Debits and Credits: The Ultimate Showdown for Beginners

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Decoding Debits and Credits

Ever wondered how accountants keep track of all those numbers? They use a special “language” – the language of debits and credits.

It might sound intimidating, but fear not!

This article will be your Rosetta Stone, helping you crack the code and understand these financial terms.

Debits and Credits

Think about It Like a Double-Entry System

Imagine your business as a giant checkbook.

Debits and credits are like the two sides of each entry.

Everything that affects your business finances gets recorded on both sides, ensuring a balanced picture.

Debits: They Got Left

  • Think Left Side: Remember the accounting equation (Assets = Liabilities + Owner’s Equity)? Debits typically flow to the left side of the equation, which represents the resources your business owns (Assets) or owes (Liabilities).
  • Increases & Decreases: Here’s a twist – debits can sometimes mean increases and sometimes decreases, depending on the account. It might seem confusing, but there’s a pattern:
    • Assets & Expenses: Debits generally increase these accounts. Think of adding money to your checking account (an Asset) – a debit increases its balance. Similarly, a debit increases an expense account, like recording the cost of supplies you buy.
    • Liabilities & Equity: Debits typically decrease these accounts. Imagine paying off a loan (Liability) – a debit reduces the amount you owe. Likewise, debiting an owner’s equity account might reflect withdrawing money from the business.

Credits: They Go Right

  • Think Right Side: Credits typically flow to the right side of the accounting equation, which represents sources of ownership (Owner’s Equity) or claims against the business (Liabilities).
  • Increases & Decreases: Similar to debits, credits can also represent increases or decreases depending on the account:
    • Revenue & Liabilities: Credits generally increase these accounts. Imagine a customer paying you for a service (Revenue) – a credit increases your revenue. Likewise, a credit increases a liability account, like recording a loan you take out from a bank.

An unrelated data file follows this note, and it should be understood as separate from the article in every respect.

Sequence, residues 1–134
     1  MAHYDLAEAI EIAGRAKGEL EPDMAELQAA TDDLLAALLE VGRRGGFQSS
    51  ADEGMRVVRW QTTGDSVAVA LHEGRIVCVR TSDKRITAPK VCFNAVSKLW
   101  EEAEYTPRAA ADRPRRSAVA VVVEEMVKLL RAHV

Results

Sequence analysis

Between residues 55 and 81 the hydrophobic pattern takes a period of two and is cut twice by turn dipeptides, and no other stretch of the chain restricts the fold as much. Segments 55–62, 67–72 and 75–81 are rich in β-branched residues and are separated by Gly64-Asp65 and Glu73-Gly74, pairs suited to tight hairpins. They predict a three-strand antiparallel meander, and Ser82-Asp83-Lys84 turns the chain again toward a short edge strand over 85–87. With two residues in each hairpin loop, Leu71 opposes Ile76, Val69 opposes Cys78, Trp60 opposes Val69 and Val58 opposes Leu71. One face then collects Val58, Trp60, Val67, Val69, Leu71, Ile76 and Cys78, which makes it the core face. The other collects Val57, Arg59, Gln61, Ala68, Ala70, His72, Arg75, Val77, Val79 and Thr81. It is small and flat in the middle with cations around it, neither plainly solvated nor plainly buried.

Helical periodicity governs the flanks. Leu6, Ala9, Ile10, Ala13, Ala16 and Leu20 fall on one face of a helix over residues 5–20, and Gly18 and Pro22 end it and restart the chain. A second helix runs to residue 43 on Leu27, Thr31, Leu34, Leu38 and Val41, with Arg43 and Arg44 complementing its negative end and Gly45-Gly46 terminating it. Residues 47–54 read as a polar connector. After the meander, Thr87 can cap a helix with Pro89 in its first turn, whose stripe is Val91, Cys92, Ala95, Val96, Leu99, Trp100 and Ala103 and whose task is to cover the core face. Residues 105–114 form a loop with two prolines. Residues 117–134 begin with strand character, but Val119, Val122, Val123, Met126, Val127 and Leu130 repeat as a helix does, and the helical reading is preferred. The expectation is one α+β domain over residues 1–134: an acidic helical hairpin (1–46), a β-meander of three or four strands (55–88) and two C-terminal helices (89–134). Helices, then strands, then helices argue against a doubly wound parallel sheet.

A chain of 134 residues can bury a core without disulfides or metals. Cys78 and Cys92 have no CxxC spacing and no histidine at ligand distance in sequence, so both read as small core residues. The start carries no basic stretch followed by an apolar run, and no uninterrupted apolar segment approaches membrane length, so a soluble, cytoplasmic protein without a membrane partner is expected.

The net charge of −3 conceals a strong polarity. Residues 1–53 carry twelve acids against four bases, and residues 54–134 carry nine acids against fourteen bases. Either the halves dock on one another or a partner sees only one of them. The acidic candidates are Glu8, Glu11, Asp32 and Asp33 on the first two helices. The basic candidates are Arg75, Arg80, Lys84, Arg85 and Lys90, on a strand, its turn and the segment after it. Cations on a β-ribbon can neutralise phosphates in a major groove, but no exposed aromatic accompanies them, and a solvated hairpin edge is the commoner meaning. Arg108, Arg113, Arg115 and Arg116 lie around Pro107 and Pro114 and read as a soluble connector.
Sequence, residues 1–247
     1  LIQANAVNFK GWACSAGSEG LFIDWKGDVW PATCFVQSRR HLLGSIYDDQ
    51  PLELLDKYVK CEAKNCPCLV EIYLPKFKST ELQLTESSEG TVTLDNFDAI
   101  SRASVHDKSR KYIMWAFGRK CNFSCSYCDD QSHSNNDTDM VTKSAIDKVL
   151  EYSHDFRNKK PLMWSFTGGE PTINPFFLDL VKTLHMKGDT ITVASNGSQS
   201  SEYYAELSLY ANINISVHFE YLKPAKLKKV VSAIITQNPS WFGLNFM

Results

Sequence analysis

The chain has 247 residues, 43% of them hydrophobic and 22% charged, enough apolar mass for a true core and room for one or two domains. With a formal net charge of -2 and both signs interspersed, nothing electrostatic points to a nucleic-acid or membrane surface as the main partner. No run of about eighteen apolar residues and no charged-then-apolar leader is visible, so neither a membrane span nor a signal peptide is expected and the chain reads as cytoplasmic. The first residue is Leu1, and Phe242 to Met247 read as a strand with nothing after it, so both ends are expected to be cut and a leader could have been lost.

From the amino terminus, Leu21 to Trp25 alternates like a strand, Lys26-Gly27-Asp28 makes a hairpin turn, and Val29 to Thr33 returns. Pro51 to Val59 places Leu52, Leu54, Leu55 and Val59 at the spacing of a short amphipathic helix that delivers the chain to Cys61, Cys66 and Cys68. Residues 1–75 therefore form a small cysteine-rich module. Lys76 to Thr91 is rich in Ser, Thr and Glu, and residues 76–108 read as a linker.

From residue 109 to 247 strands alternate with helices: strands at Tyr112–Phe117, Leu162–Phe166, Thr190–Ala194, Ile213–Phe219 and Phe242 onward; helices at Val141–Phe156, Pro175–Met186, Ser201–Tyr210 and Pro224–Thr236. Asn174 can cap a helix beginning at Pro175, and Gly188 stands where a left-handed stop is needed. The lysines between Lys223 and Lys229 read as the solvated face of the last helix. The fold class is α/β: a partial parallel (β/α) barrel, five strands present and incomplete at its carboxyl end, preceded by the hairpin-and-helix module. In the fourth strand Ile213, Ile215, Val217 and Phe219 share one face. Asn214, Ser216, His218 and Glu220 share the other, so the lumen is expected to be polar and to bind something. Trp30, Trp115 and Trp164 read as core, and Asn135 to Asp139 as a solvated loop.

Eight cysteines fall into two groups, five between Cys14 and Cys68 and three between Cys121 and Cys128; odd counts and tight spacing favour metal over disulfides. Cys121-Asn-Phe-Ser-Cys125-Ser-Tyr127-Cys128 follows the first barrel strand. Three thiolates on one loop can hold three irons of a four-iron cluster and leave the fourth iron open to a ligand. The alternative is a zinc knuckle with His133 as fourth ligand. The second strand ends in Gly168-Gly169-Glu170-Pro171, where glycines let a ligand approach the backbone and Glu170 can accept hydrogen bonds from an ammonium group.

• Assets & Equity: Credits typically decrease these accounts. Think of buying equipment (an Asset) with cash – a credit reduces your cash balance (another Asset). Similarly, crediting an owner’s equity account might reflect the owner investing money into the business.

Real-World Examples Of Debits and Credits

Let’s see debits and credits in action with some user-friendly examples:

  • Example 1: You buy office supplies for $100 with cash. Here’s the breakdown:
    • Debit: Office Supplies ($100) (Asset increased)
    • Credit: Cash ($100) (Asset decreased)
  • Example 2: You earn $200 from a customer for your services. Breakdown:
    • Debit: Cash ($200) (Asset increased)
    • Credit: Service Revenue ($200) (Revenue increased)
  • Example 3: You pay rent of $500. Breakdown:
    • Debit: Rent Expense ($500) (Expense increased)
    • Credit: Cash ($500) (Asset decreased)


Debits and credits might seem complex at first, but they’re like the building blocks of accounting.

Understanding them allows you to “speak the language” of business finances and gain valuable insights into your company’s health.

Remember, debits typically affect the left side (Assets & Liabilities) and can either increase or decrease them, while credits typically affect the right side (Revenue & Equity) and can also increase or decrease them depending on the account.

With practice, these terms will become second nature, empowering you to understand your financial statements with confidence!

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